Stakeholders discuss ways to ensure water security in Negros

Stakeholders from various sectors converged here on Thursday for a two day summit to discuss the pressing issues of water security and the proposed solutions to provide potable and affordable water for the people of Negros Occidental.

The Negros Water Summit, held at the Negros Residences, is organized by the Office of 3rd District Rep. Jose Francisco Benitez to tackle four key themes water supply and quality, sanitation and sewerage, sustainability, and water governance.

We must come together to find sustainable solutions. Our next generation and our current development demand it, said Benitez, who is the summit director, in his opening message.

Focusing on the challenges to water security, Benitez said the demand for such valuable resource is increasing at unprecedented levels due to population growth and development, which put water sources under threat.

The degradation of water supply, the depletion, and contamination of aquifers, the pollution of surface water sources, the denudation of forests and watersheds threaten our supply of safe drinking water, he added.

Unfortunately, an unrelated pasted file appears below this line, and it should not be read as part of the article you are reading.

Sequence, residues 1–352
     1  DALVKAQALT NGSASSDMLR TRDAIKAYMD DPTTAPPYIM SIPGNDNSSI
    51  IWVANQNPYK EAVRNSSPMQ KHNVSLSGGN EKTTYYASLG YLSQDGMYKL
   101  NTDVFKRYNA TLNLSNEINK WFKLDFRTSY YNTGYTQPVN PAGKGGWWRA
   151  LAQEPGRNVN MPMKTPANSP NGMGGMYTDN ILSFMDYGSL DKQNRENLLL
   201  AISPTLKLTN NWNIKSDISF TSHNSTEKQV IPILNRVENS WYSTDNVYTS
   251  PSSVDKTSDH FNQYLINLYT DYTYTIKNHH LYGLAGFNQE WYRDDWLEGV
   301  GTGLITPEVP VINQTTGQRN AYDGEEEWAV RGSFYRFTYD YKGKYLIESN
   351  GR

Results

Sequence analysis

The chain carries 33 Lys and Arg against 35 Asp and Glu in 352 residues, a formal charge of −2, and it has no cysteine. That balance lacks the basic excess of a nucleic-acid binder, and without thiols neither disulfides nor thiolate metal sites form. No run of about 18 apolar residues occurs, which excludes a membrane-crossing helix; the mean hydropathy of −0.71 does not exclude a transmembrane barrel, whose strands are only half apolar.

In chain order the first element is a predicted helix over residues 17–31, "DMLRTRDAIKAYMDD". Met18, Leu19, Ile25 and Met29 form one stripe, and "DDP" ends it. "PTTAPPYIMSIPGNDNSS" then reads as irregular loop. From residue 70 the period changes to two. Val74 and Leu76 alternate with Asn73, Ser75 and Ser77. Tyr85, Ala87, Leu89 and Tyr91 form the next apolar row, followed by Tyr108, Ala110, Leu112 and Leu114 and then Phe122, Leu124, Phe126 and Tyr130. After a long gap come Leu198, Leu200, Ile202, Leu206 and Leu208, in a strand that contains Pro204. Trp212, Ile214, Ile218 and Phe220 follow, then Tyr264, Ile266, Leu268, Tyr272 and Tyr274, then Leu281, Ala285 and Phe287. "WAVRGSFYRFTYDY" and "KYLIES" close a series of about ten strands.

He also cited trends that disrupt access to the water cycle, pose risks to water scarcity, lead to water stress, slow down groundwater recharge, and reduced surface water flow, among others.

Negros Occidental is a witness to these trends. The province is rapidly urbanizing. In 2015, 61 percent of the 2.5 million population lived in urban areas and water infrastructure has been unable to meet the growing demand, Benitez said.

In 2018, only 37.2 percent of households in the province have Level 3 water supply. This means having an extensive distribution network of piped water connecting individual households.

All 17 operational water districts in Negros Occidental reported 26.81 percent of non revenue water (NRW) or losses from leaks or pilferage.

High NRW levels prevent water utilities from recovering their investments and generating income that should be used to improve infrastructure and expand service delivery. We do need to get our acts together to promote water efficiency and conservation, Benitez said.

Given that there is no short supply of innovative technologies to ensure a sufficient supply of safe drinking water, he said stakeholders should explore alternative water sources and harness water treatment technologies to address water scarcity and to help the cycle of water.

An integrated approach to water resource management or strong collaboration is key to rational development and the management of water, land, and related resources to maximize economic benefit and also to ensure social welfare and ecological balance for the long term, he added.

Benitez said the government authorities, private sector, and civil society must come together to institute critical reforms and investments to build adequate water infrastructure and ensure social and environmental protection for generations to come.


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